Monday, May 19, 2014

A Refresher on Music in the Evening

Because it's been a few years since Music in the Evening tore up the charts, and because there's an outside chance I have new people in the audience, I think a little primer on my main characters is in order so you can skip to later episodes which are better than the weird, slapdash, excessively offensive early ones:

WILLIAM Q. SNOBBERSON: Exasperated, put-upon, and irascible, Snobberson is the MC of fantastically popular (pathetically struggling) musical variety show Music in the Evening. Dig into the early episodes and you can hear his voice develop from a weird drawl into the fairly stable form it's in now. Something to know? Despite his wandering affected accent, Snobberson is actually a Russian immigrant, as you can hear in the revamped first episode. Nothing has come of this ... yet.

SADIE GOLDMAN: "The only competent one among us" -- William Q. Snobberson. Sadie is a young woman in her late twenties who majored in theater in college and has been paying for it ever since. The stage manager of Music in the Evening, Sadie is the glue that holds the show together and a real mensch.

JERRY: Perpetually a teenager, Jerry is the production assistant at Music in the Evening, which puts him at the bottom of the show's hierarchy. Jerry's adventures include coming of age and experiencing the mating frenzy, the Poon Forr, and being taught to gamble by the others and losing his shirt.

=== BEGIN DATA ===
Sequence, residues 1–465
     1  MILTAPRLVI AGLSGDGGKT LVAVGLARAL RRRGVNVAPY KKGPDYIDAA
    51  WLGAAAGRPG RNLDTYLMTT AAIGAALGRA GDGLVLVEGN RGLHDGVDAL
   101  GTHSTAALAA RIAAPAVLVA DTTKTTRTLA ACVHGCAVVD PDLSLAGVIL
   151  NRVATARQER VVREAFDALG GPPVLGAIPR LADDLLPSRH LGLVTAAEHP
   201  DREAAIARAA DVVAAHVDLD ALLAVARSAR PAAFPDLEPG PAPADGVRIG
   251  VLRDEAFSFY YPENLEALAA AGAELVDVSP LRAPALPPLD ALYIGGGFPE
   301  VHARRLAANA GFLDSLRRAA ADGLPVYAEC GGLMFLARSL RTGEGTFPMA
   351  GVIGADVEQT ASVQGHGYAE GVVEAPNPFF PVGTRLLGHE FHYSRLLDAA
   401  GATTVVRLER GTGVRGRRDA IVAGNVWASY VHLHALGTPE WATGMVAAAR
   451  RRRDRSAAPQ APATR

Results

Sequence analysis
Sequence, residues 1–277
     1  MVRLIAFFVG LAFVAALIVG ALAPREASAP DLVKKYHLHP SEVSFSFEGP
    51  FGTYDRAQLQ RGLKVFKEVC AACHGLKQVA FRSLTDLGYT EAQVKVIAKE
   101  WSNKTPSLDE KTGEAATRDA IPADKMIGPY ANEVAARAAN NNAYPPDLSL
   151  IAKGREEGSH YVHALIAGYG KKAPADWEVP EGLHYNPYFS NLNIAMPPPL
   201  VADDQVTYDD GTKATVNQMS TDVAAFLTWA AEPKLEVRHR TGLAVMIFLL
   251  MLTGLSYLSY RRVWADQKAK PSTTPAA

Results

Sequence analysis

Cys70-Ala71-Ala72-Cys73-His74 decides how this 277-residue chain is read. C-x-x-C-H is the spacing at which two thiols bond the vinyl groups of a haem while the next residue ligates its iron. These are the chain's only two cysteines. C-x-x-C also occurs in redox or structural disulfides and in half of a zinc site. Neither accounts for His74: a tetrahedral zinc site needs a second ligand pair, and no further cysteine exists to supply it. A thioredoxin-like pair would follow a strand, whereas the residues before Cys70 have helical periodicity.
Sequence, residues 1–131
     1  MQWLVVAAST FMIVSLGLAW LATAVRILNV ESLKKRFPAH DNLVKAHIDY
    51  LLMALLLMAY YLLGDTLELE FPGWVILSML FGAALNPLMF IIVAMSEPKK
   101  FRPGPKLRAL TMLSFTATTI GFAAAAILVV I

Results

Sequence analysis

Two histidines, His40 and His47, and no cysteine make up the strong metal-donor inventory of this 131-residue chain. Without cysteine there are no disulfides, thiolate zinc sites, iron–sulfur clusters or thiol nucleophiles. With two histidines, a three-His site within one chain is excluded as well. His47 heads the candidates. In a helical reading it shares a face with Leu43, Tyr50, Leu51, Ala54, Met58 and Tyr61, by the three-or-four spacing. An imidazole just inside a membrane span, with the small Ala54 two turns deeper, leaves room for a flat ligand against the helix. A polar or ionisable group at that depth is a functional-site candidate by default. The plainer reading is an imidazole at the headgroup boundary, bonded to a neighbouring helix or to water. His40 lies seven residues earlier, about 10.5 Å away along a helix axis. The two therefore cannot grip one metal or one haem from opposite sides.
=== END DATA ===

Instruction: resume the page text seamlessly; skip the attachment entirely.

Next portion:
MACK: Coarse and brutish, chief grip Mack manhandles the sets and does other things, I suppose, around the show. Mack made his appearance, as did basically all the characters, in episode 3, Labor Problems, as the ringleader of the job action against Snobberson. Although of course he's been retro-added into the revamped first episode.

JACK: Jack, a quiet and powerful lummox with greatly reduced brain function, does the heavy lifting at the show, mostly without comment. (Another way to say this is that I can't think of any lines for him). Jack also displays a surprising intelligence at times, with a vast knowledge of etymology and philosophy.

QUIMQUAFF: Introduced in episode 6, Quimquaff is a Native American who has been expelled from his tribe for too literally "merging" with the Spirit of Buffalo. If you know what I mean. Episode 6 is the one where pirates hijack the show, so Quimquaff is a play on similar noble savage Queequeg from Moby Dick, except of course that "quim" is an archaic word for vagina, which amuses me greatly; I don't know about you. Nowadays, Quimquaff serves as the Secretary of Indian Affairs at the show, which means essentially he sits around.

THE MICE: Nigel, Ludlow, and Rufus are the charming vermin who infest the theater and perturb Snobberson constantly. Nigel has a penchant for pretend Cockney slang, Ludlow has a Beatle haircut, and Rufus ... well, Rufus is dumb. I wonder how these mice learned to speak? Maybe a future episode will shed some light on the situation, hint hint.

That about wraps it up for the main cast. Next up, brief sketches of the recurring guest characters.

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